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Enabling

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This article describes enabling in its counseling or psychological sense. For enabling in an empowerment sense, see empowerment. For enabling in computer terms where an object or Graphical User Interface widget is able to respond to events, see enabled/disabled.

Enabling is a term with a double meaning.[1]

As a positive term, it references patterns of interaction which allow individuals to develop and grow. These may be on any scale, for example within the family,[1] or in wider society as "Enabling acts" designed to empower some group, or create a new authority for a (usually governmental) body.

In a negative sense, enabling is also used in the context of problematic behavior, to signify dysfunctional approaches that are intended to help but in fact may perpetuate a problem.[1][2] A common theme of enabling in this latter sense is that third parties take responsibility, blame, or make accommodations for a person's harmful conduct (often with the best of intentions, or from fear or insecurity which inhibits action). The practical effect is that the person themselves does not have to do so, and is shielded from awareness of the harm it may do, and the need or pressure to change. It is a major environmental cause of addiction.[3]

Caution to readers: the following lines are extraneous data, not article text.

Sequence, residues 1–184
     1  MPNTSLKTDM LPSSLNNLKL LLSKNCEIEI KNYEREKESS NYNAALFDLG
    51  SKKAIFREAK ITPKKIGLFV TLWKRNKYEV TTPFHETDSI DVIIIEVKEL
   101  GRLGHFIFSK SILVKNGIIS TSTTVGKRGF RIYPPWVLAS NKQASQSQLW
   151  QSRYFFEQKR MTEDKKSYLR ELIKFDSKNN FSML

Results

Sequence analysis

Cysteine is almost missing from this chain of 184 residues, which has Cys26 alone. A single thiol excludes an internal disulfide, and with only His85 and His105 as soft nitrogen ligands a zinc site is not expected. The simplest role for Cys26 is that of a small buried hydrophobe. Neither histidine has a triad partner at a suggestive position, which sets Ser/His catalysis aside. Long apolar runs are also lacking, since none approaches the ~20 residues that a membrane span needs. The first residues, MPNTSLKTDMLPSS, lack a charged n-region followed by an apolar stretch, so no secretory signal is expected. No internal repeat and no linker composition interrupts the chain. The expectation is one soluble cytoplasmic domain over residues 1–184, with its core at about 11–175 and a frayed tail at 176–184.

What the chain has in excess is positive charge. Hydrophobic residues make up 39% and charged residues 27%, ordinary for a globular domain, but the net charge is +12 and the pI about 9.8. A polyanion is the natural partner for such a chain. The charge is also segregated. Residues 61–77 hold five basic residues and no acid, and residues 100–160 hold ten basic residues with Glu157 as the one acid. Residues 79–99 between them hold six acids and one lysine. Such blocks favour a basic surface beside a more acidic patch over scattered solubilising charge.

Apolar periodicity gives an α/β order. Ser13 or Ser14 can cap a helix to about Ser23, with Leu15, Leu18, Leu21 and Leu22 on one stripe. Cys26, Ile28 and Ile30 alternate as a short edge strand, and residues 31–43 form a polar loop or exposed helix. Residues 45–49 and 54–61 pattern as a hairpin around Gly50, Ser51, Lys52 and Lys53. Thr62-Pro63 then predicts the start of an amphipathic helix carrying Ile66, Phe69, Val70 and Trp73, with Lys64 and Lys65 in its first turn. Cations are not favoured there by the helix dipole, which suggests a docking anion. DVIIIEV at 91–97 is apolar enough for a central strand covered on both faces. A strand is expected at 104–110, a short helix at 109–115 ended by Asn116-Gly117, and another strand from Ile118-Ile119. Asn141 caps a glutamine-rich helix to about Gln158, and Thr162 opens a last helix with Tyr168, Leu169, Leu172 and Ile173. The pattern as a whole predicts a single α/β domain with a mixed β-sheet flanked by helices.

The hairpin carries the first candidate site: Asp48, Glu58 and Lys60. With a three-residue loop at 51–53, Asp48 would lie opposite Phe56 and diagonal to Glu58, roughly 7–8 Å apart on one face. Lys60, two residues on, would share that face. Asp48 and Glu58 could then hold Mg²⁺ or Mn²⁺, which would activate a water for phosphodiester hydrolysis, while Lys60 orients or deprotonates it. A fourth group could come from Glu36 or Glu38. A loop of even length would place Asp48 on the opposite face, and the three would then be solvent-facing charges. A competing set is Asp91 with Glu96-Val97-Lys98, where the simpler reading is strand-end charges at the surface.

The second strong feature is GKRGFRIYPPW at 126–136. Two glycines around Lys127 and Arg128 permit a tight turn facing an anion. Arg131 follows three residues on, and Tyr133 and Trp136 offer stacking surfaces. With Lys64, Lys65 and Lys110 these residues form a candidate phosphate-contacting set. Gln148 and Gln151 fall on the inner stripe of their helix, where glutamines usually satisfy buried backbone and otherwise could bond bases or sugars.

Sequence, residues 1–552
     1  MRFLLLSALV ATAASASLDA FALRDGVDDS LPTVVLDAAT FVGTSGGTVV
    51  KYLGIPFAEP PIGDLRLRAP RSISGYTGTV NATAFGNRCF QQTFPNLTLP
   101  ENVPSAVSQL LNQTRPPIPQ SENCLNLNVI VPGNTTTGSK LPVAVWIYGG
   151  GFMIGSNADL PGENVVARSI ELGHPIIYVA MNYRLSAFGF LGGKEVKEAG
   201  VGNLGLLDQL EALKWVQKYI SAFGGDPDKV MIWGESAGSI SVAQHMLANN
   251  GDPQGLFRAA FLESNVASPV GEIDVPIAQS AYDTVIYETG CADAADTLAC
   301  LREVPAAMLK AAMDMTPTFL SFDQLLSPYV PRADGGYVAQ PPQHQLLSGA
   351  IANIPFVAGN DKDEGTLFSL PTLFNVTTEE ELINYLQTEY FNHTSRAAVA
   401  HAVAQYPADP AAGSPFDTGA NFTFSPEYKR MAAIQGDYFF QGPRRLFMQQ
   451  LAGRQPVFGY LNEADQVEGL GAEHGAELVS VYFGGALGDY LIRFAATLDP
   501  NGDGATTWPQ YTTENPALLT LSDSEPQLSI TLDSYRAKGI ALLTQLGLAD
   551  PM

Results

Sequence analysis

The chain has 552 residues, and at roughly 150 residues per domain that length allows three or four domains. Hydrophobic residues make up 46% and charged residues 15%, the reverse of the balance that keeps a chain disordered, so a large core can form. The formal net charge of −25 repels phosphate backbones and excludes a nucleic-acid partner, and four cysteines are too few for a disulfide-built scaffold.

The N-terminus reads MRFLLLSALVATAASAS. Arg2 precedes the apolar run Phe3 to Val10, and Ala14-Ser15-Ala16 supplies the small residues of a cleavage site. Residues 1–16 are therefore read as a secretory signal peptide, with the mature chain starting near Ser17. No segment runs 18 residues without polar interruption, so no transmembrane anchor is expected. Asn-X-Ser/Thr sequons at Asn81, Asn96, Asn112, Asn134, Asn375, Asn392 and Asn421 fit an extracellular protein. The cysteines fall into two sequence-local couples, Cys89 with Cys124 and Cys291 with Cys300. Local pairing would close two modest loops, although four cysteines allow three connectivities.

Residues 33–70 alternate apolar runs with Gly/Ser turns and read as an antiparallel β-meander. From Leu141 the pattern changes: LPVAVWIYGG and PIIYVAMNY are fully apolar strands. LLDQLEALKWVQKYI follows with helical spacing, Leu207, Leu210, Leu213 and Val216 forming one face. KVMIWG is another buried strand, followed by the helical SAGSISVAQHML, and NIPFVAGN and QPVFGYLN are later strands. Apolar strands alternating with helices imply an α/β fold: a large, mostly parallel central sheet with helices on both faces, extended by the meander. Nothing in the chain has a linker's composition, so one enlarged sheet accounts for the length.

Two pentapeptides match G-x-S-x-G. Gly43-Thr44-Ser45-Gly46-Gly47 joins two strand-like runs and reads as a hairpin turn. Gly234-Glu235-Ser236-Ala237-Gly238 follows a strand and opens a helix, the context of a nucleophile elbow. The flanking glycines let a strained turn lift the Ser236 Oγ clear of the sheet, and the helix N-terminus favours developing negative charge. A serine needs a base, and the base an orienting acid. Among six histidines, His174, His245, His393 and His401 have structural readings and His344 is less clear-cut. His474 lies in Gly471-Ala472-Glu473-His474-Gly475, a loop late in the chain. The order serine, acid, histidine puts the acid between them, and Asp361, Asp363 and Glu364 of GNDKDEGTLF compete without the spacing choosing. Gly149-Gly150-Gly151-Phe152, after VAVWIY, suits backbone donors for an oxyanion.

A common example of enabling can be observed in the relationship between the alcoholic/addict and a codependent spouse. The spouse believes incorrectly that he or she is helping the alcoholic by calling into work for them, making excuses that prevent others from holding them accountable, and generally cleaning up the mess that occurs in the wake of their impaired judgment.[citation needed] In reality what the spouse is doing is hurting, not helping. Enabling prevents psychological growth in the person being enabled and can contribute to negative symptoms in the enabler.

Generally, individuals who enable others have weak boundaries, low self-esteem, and have difficulty being assertive when they communicate with others.

ReferencesEdit

  1. 1.0 1.1 1.2 elinewberger.com From the page on 'enabling', by Eli H. Newberger, M.D., referenced by that web page to The Men They Will Become ch.18 "Enabling".
  2. Enabler: Are You Enabling Drug Use In A Loved One? 2008
  3. Robert L. DuPont (2000-02-17), The selfish brain, p. 15, ISBN 9781568383637, http://books.google.com/?id=n7KY6aO7ZXsC

See alsoEdit

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